Fenning, Robert S.; Burgert, Mark E.; Hamamdzic, Damir; Peyster, Eliot G.; Mohler, Emile R.; Kangovi, Shreya; Jucker, Beat M.; Lenhard, Stephen C.; Macphee, Colin H.; Wilensky, Robert L.

    2015-01-01

    Background Despite systemic exposure to risk factors, the circulatory system develops varying patterns of atherosclerosis for unclear reasons. In a porcine model, we investigated the relationship between site?specific lesion development and inflammatory pathways involved in the coronary arteries (CORs) and distal abdominal aortas (AAs). Methods and Results Diabetes mellitus (DM) and hypercholesterolemia (HC) were induced in 37 pigs with 3 healthy controls. Site?specific plaque development was studied by comparing plaque severity, macrophage infiltration, and inflammatory gene expression between CORs and AAs of 17 DM/HC pigs. To assess the role of lipoprotein?associated phospholipase A2 (Lp?PLA2) in plaque development, 20 DM/HC pigs were treated with the Lp?PLA2 inhibitor darapladib and compared with the 17 DM/HC untreated pigs. DM/HC caused site?specific differences in plaque severity. In the AAs, normalized plaque area was 4.4?fold higher (P<0.001) and there were more fibroatheromas (9 of the 17 animals had a fibroatheroma in the AA and not the COR, P=0.004), while normalized macrophage staining area was 1.5?fold higher (P=0.011) compared with CORs. DM/HC caused differential expression of 8 of 87 atherosclerotic genes studied, including 3 important in inflammation with higher expression in the CORs. Darapladib?induced attenuation of normalized plaque area was site?specific, as CORs responded 2.9?fold more than AAs (P=0.045). Conclusions While plaque severity was worse in the AAs, inflammatory genes and inflammatory pathways that use Lp?PLA2 were more important in the CORs. Our results suggest fundamental differences in inflammation between vascular sites, an important finding for the development of novel anti?inflammatory therapeutics. PMID:25672369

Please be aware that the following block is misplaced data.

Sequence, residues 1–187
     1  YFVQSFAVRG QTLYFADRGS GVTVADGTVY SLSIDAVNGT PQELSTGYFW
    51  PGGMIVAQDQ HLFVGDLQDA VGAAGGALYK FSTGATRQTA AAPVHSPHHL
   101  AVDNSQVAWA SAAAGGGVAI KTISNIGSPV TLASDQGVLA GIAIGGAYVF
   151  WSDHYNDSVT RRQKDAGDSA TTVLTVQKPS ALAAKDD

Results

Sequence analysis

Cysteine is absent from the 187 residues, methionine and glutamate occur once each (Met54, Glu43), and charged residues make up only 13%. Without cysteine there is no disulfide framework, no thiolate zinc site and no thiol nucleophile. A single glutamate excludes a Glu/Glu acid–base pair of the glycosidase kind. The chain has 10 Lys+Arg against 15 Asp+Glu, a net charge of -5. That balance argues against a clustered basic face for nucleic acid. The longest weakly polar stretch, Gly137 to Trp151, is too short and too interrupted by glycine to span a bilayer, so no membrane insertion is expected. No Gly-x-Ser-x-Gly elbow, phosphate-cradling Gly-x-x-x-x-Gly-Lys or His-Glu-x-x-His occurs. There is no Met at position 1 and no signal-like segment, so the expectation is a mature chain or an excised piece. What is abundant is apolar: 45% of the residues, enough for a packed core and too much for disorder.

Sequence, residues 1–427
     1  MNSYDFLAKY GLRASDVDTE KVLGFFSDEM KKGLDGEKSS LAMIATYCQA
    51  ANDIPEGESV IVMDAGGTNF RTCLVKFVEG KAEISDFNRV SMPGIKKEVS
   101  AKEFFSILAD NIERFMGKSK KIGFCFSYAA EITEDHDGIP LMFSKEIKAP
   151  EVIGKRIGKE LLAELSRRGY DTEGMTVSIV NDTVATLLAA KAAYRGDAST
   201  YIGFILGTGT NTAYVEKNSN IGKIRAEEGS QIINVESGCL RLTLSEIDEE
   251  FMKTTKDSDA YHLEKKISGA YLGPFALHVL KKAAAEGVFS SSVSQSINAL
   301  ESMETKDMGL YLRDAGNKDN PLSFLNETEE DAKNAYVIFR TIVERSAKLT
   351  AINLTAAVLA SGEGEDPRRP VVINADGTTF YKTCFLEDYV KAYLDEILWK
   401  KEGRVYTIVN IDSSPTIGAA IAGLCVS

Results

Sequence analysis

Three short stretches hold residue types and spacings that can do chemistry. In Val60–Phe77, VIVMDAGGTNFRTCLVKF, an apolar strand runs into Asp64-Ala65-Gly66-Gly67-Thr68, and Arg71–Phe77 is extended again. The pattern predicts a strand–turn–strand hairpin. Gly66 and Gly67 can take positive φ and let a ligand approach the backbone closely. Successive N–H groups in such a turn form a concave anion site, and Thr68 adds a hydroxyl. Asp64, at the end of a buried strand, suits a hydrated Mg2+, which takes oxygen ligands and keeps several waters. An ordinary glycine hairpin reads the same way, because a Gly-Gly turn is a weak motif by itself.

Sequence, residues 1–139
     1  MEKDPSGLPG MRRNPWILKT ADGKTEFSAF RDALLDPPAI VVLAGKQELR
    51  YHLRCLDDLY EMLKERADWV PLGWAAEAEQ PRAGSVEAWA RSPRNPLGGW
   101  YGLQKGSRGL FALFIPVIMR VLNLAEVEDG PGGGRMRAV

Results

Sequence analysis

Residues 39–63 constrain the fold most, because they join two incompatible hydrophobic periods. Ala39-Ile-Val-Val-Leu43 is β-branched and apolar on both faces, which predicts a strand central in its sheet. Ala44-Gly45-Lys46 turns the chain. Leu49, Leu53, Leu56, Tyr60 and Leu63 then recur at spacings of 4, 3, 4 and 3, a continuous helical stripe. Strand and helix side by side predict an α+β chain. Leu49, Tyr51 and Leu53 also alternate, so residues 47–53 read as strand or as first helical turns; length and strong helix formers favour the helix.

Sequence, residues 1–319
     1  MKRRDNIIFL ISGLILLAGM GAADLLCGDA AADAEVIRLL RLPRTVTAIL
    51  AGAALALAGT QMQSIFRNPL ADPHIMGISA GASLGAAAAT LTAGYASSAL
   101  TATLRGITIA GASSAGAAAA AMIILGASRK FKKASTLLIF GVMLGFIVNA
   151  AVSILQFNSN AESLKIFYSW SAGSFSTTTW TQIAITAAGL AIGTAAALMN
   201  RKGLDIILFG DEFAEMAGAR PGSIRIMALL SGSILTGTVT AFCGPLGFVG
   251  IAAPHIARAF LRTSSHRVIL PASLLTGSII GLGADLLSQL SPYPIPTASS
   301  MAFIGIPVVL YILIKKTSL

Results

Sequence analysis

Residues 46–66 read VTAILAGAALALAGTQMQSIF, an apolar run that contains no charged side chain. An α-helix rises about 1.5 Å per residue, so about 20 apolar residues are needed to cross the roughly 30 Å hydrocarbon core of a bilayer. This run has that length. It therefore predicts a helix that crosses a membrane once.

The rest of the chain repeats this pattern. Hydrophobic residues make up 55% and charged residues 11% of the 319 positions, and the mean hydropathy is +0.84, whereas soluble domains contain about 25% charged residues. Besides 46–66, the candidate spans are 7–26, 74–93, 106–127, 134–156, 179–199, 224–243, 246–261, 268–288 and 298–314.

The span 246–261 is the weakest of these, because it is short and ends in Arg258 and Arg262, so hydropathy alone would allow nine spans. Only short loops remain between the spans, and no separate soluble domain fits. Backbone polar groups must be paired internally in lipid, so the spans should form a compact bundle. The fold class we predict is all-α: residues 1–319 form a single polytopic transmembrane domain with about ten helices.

6. Cholesterol Diet Withdrawal Leads to an Initial Plaque Instability and Subsequent Regression of Accelerated Iliac Artery Atherosclerosis in Rabbits